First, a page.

Jim would forage for plants and berries that were safe to eat; I would undoubtedly make mojitos with muddled poison oak.

Jim would teach our kids all sorts of useful survival skills. I would use up all the juice of our solar-powered emergency radio charging my Kindle. And my e-cig. And my cell phone, because even though there’d be no cell towers and no internet, I am sure that somehow there would still be Facebook.

I guess the good thing about an apocalypse is the availability of things, if you think about it. At least for a while. I mean, assuming there weren’t too many survivors, I could probably get all the propane I ever needed for our little gas fire pit, which is good, because God knows our kids like s’mores. The library books would be free for the taking, which I realize they already are, but, no overdue fines. That’s nice. Plus, no more lines at the grocery store. Or the DMV, or really anywhere, I guess. You just go and get what you need and be on your way.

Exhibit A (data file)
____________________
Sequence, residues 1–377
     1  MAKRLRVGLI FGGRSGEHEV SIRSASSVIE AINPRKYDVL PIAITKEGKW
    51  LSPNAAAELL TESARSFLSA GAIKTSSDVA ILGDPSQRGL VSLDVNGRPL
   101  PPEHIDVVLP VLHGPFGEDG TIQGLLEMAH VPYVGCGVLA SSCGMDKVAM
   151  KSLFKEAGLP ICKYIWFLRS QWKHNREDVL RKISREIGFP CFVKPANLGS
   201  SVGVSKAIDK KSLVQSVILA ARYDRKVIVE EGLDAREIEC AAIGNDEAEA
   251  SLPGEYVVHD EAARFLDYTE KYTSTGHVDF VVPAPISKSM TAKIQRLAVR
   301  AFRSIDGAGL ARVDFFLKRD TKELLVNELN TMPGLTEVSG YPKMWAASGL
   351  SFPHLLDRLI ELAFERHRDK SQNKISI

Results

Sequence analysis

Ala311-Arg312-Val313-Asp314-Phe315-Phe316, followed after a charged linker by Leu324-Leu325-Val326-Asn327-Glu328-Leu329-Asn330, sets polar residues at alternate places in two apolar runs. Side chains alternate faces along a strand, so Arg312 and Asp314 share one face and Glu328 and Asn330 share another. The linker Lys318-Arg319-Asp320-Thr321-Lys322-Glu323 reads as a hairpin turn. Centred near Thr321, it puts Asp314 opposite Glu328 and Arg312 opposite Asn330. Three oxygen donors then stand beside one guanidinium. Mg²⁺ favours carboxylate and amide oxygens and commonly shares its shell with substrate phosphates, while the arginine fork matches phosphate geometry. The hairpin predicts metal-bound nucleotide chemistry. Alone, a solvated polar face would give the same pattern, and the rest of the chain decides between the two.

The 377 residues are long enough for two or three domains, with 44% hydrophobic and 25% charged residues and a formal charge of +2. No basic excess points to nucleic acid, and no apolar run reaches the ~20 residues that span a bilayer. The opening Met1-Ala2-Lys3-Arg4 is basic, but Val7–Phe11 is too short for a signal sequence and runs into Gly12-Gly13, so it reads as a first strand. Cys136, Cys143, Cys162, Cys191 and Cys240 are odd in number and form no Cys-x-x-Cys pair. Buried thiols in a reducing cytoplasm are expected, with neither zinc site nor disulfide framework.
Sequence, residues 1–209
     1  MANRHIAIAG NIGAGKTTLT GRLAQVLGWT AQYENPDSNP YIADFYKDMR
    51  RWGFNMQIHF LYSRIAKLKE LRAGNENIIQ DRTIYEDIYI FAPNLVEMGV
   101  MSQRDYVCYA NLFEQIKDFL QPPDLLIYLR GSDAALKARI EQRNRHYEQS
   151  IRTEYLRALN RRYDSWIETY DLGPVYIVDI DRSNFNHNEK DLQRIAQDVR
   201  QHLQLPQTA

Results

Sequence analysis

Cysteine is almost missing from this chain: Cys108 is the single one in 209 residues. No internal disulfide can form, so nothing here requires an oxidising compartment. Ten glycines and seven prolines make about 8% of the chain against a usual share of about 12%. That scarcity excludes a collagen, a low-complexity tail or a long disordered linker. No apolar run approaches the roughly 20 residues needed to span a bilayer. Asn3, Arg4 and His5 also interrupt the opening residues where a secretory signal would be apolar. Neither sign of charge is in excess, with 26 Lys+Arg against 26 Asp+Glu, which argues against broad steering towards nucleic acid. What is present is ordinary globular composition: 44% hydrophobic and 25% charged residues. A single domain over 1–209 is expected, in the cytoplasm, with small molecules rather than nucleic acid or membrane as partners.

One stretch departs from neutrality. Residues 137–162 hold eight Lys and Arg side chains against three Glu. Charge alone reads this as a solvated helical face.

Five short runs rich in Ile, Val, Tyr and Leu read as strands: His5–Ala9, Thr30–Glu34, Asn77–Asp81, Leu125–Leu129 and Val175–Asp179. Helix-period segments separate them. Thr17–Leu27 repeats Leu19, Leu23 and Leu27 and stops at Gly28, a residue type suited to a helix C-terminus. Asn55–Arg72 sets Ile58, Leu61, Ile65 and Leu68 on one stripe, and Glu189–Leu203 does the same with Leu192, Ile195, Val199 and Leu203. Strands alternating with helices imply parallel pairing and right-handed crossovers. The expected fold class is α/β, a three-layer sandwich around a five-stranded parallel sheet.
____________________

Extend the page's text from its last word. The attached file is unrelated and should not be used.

I think what I’d like to do most, in an apocalypse, is set up camp in a Target. It’d be good if it happened in summer, because their patio furniture section always has a nice selection of seating arrangements for any occasion. Plus, they have lots of other stuff you might need, like sleeping bags and screwdrivers and Lego sets. They have tons of non-perishable food, bicycles for the kids (also helmets, which are of course required by law; just because we’ve survived the world’s end doesn’t mean we should turn into a bunch of lawless hooligans). They have books, arts and crafts, even birthday party decorations. Face it, we’re going to need stuff like that to keep our spirits up. Plus, our Target happens to be pretty near to our ULTA. Double bonus for me. Less so for Jim.